Only four percent of campers identify as Black, according to The Matador Network. That’s a bigger problem than one might think. Summer camp provides an opportunity for growth and development in areas that serve children well into adulthood. At camp, kids learn about collaboration, problem solving and socialization. They learn to love time in the great outdoors and explore different types of physical activity. But we can be real: summer camp is anecdotally a white people thing. It shouldn’t be, but it is. And, unfortunately, the camps themselves might be to blame. Black children deserve to experience the magic of summer camp, but also need to feel comfortable and accepted at camp. So here’s what to look for when selecting a summer camp for your Black child.
Diversity And Inclusion Training
Has the staff undergone diversity and inclusion training? And has it been led by a reputable training organization with a proven track record of improving diversity and inclusion policies and cultures in other environments? Some camps will show you the materials that their staff had to study, in order to receive their diversity and inclusion training certificate.
Black Staff Members In Leadership Positions
Having Black and BIPOC staff is a start, but it’s also important that children see Black staff members in leadership positions. If everyone at the top is white, then Black campers can feel that white people are in charge here – and those sentiments can trickle down to their peers, creating a hostile and even racist environment. It’s important that the campers see adults of all racial and ethnic backgrounds in positions of authority at the camp.
True Diversity In The Children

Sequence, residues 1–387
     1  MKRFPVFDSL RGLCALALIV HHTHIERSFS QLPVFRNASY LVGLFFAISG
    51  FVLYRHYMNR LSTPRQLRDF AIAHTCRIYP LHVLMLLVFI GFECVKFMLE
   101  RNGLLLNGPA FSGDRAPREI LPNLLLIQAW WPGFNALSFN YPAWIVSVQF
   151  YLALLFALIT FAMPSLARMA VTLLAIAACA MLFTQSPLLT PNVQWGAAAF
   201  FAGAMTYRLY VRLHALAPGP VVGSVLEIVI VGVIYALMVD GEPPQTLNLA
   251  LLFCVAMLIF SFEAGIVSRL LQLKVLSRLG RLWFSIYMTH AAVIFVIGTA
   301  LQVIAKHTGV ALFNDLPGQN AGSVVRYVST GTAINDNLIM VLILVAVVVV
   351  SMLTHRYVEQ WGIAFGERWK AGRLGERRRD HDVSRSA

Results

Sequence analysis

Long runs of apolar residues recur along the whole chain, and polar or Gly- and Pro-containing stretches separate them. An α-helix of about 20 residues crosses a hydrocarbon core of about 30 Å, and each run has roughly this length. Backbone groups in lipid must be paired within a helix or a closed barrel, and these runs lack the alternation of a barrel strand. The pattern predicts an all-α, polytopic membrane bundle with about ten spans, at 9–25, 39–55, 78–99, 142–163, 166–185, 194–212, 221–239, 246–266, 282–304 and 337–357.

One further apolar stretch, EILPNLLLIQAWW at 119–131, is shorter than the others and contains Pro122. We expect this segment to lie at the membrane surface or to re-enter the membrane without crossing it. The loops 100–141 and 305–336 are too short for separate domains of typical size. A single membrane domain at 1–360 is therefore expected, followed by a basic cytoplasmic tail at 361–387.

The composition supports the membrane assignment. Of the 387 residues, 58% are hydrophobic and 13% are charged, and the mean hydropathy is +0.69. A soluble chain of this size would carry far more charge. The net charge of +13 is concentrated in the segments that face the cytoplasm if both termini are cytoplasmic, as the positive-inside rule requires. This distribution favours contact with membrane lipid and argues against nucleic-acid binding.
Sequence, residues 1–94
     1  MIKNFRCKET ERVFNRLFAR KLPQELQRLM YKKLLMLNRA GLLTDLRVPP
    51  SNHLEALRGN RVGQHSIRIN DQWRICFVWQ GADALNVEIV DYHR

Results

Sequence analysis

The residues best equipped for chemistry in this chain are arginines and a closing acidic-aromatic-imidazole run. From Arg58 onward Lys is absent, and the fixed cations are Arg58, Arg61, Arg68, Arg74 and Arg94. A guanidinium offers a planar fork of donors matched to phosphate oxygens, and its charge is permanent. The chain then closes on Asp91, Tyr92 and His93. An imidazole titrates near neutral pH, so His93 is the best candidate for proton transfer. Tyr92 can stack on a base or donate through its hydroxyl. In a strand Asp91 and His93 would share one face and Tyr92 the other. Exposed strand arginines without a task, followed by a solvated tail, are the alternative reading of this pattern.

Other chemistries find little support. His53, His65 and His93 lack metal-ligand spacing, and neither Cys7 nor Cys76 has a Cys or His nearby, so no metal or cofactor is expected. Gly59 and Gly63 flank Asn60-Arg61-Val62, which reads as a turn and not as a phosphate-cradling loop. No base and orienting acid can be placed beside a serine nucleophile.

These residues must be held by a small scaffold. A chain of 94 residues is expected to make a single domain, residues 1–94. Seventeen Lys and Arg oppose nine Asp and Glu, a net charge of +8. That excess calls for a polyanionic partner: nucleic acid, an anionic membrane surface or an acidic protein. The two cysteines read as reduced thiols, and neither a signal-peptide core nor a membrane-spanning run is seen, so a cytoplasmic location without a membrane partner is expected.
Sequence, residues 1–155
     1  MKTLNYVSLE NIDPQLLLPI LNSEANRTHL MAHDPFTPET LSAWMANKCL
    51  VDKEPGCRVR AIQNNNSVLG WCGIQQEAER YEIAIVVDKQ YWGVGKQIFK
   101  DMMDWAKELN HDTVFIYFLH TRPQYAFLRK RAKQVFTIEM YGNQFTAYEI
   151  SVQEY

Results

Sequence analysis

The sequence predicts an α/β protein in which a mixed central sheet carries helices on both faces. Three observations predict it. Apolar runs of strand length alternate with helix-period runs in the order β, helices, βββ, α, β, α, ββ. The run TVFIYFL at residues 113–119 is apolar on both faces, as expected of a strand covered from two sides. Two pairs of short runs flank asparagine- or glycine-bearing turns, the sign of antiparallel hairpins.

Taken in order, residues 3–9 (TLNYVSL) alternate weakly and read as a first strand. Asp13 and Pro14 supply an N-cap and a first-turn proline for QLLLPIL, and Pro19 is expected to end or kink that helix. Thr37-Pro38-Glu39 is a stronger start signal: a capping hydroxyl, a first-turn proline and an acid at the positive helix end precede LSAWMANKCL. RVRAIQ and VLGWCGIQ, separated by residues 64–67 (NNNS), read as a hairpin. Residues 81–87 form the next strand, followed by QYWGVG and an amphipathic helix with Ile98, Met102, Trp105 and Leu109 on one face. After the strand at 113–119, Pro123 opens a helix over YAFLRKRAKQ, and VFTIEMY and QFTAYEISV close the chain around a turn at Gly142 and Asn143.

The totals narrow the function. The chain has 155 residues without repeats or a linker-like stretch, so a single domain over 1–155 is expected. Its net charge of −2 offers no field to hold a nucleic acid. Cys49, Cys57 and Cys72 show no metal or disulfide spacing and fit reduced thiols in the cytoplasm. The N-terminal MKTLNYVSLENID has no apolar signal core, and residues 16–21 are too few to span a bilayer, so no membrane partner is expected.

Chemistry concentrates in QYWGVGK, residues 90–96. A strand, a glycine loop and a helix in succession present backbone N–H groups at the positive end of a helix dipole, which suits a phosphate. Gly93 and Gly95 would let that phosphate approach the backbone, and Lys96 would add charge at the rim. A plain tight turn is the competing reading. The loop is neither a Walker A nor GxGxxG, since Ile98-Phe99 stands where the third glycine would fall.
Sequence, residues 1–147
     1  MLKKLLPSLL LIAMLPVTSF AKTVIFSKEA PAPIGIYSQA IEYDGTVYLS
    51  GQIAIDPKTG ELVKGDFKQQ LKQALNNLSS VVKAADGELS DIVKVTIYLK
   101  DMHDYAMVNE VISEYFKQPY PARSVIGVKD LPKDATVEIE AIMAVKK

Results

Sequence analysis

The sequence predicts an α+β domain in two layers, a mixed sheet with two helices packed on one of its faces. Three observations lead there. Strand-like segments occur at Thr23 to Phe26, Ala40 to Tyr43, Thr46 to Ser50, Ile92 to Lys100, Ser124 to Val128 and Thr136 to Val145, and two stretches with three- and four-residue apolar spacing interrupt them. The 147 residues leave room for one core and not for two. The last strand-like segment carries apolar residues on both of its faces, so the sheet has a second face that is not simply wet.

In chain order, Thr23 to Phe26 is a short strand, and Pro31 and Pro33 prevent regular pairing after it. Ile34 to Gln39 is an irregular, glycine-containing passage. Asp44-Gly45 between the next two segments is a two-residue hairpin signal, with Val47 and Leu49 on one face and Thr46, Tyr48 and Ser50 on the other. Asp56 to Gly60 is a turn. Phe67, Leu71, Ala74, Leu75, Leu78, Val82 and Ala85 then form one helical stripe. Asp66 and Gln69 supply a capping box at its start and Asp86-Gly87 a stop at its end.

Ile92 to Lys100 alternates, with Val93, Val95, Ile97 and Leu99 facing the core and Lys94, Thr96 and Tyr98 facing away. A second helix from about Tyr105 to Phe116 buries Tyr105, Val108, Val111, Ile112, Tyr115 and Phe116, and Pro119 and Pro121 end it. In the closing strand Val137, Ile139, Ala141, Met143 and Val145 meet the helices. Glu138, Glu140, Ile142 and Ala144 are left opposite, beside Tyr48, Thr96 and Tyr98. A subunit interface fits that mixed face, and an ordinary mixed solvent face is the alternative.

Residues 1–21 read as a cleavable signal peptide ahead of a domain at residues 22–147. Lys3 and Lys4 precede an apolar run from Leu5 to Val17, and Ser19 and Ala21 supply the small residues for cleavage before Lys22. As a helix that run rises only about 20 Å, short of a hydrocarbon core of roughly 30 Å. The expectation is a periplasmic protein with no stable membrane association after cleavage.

If your child will be one of only a few Black children among 100 white children, they can feel that the camp isn’t for them. It’s important that they see other children who look like them. However, it’s also important that they see a great mix of ethnic and racial backgrounds, so they don’t exclusively see other children who look like them. A truly diverse camp promotes the message that summer camp is for everybody – and that means * everybody *.
Ask About Story Time
Storytime is a large part of summer camp. Stories might be shared at the beginning of a physical activity to provide inspiration. Then there are stories shared at night around the campfire. Ask the leaders at the camp what stories are told. Do they contain main themes that would be applicable to everyone – not just white children? Do they depict Black characters who are complex, central and do not promote stereotypes? If they will show any movies at the camp, consider these same questions about the films.
Some summer camps take the children on field trips. Even if the summer camp – between its activities, staff and other children – is a welcoming place for Black children, the field trip destinations might not be. Get clarity on all field trips in advance to ensure your child won’t go anywhere that they might feel excluded or uncomfortable.
Down To The Details
Source: FatCamera / GettyA camp that is dedicated to inclusion will pay attention to the smallest of details. They won’t only have Band-Aids and bandages for white skin tone – but also for darker skin tones. These camps won’t only have white mannequins for safety demonstrations. They won’t only have photos of white figureheads and celebrities lining the hallway. And they will even make sure that every staff member is in control of the music throughout the course of camp so that the kids don’t just hear Top 40 pop. It’s those little things that make a big difference.
Do Some Online Digging
Most summer camps have Yelp and Google reviews. Be sure to check these for any camp you’re considering. You can do a word search throughout the reviews for terms like “diverse” “inclusive” and even “racism.” If you see that an issue occurred, call the camp director personally and ask them to speak to how that was handled. If you see several complaints of racism or anti-inclusivity, that’s not the summer camp for your Black child.